A recent popular-press article on the subject begins by explaining the significant advantages for advertisers presented by Facebook’s “Like” button:

– “… one obvious benefit is that it lowers the psychological barrier to connecting with commercial entities on [a] site … [users] imply [that they] ‘Like’ that brand’s page, resulting in higher engagement. Another is that it increases clicks for Web publishers [generally].”

Gregarious behaviour is rewarded on Facebook, so seeing others’ approval of a resource will draw ever more attention to it.

However, the article explains that a Dislike button has none of these advantages; it argues that such a feature would only lead to

– “significant tension between Facebook, brands, and Web publishers. Imagine if Facebook users could not only choose to ‘Like’ Coca–Cola, but were also provided the option to ‘Dislike’ the brand. Would Facebook become a more appealing place for brands to spend their marketing budgets and ad dollars … or a less appealing one? Now imagine that Web sites could add ‘Dislike’ buttons to their pages. Would Web publishers rush to add this option, desperate for the negative feedback from their visitors?.”

To provide the option of expressing dislike for a brand like Coca–Cola or to disapprove of a newspaper report or an article like this one is contrary to Facebook’s business interests. As a result, users are deprived of even the most rudimentary affordance for expressing disapproval or dissent. So what then are possibilities offered to education by these services? Who is in control of this rudimentary but important design decision? And what does it mean to be deprived of a “Dislike” option? The dynamics here are rather reminiscent of what television of a bygone era had to offer: In both cases, you can either watch (i.e., “Like”) the products and lifestyles being showcased, or simply walk away. We know that users and viewers generally choose the former, allowing their “control” or interests to be reconciled to the preponderant priorities of advertisers — in return for convenience and an entertaining conviviality.

It is not necessary to focus exclusively on Facebook to appreciate the consequences of the repression of dissent, difference and disconnection that is intrinsic to these networks. Digg uses a similar “thumbs up” icon to tally the popularity of Web sites and blog posts, and also generally omits the option of indicating a negative response. A similar dynamic is at play with the social networking enabled by Twitter, in which you are only actively informed of new subscribers to your communications, never being explicitly notified about those who have unsubscribed, and where you can forward a comment (“retweet”) but not reply to or rebut it. The conclusion to the report on “Like” and “Dislike” buttons in Facebook cited above can be adapted to apply to the Twitter and many other social media: “Like buttons” similar to many other connective features of social networks, “are about connection; Dislike buttons are about division.” Just as other services systematically avoid division and relentlessly push for connection, it is safe to conclude with the article that “Facebook will never add a Dislike button” (Cashmore, 2010). Similarly, other services will also systematically exclude possibilities for the expression of dissent and difference. User or learner control will always be marginalized when it comes to structures and features that are of interest to advertisers.”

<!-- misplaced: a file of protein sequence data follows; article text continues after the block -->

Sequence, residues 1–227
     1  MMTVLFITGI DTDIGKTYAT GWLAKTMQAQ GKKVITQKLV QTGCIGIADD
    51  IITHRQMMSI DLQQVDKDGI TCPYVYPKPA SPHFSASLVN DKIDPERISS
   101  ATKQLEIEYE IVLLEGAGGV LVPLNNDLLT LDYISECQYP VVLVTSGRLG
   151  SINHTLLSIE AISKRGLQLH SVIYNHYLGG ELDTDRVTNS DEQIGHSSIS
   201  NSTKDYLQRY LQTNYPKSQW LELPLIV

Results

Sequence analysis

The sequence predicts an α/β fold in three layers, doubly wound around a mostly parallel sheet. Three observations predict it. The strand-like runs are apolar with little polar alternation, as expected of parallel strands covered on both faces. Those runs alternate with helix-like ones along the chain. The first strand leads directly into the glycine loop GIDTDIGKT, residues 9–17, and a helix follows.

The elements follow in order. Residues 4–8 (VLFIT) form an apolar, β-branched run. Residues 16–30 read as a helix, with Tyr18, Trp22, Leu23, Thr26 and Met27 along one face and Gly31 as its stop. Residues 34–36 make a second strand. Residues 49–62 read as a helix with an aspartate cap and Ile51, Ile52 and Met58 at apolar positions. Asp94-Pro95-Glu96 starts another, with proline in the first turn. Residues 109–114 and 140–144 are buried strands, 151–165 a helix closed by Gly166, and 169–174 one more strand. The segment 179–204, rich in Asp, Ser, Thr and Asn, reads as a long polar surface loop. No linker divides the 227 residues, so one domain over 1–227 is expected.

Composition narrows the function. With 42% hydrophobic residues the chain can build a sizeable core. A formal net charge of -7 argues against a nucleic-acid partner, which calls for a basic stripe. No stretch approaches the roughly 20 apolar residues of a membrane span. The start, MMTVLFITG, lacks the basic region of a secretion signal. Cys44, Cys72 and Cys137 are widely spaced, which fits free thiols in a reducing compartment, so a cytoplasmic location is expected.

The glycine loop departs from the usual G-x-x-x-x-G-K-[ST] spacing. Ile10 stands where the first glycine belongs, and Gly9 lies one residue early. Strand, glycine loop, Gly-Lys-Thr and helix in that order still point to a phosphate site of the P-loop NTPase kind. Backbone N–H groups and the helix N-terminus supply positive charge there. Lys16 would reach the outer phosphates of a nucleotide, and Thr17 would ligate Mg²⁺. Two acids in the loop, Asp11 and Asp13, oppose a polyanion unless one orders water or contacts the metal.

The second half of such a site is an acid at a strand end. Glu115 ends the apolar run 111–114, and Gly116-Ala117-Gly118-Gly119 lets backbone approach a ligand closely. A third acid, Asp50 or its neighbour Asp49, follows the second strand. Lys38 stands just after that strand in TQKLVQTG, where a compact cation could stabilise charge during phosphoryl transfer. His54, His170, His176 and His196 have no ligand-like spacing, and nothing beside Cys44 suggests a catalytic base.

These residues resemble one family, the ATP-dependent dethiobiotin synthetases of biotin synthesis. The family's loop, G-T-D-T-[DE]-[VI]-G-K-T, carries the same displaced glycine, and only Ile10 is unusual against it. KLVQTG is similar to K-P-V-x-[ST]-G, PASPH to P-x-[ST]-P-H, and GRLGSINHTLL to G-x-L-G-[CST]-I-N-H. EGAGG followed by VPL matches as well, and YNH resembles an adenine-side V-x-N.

The Conclusion from Norm Friesen:

“Despite the current prominence of social–psychological and connectivist theories, it is easy to make the case that learning is just as much about division as it is about connection. In fact, the consistent pattern of suppressing division, negativity and interpersonal dissent that is central to the business model of social networking services runs counter to some of the most common models and recommendations for online student interaction and engagement. These include constructivist models of collaborative knowledge building (e.g., Scardamalia and Bereiter, 2006), communitarian models of collaborative inquiry (e.g., Garrison, 2005), and commonplace advice asking students to critically compare and contrast differing views and experiences. Opportunities for social selectivity, discretion, privacy and detachment are an important precondition for the acts of disclosure and mutual critique, falsification and validation central to these models. Interaction in these models (and in the technologies used to support them) unfolds in ways that support much more nuanced expressions of agreement, consent or difference than what is possible using designations such as “like,” “digg” or even “dislike” or “unfriend.” And such selectivity and discretion — the “safe spaces” hoped for by Lamb and Groom — are rendered structurally impossible in convivial, commercially–contoured environments like Facebook or Twitter. These services, by design, clearly serve interests and priorities other than (and in many cases opposed to) those of learning. If anything, they represent a new way of selling viewers to advertisers, rather than a “2.0” version of social or connective learning or education. Knowledge is not exclusively embodied in ever growing networks of connection and affiliation, and it does not just occur through building and traversing these proliferating nodes and links. Education is clearly a social process, but it is probably much closer to an ongoing discussion or debate than an extended feast or celebration with an ever-expanding network of friends.”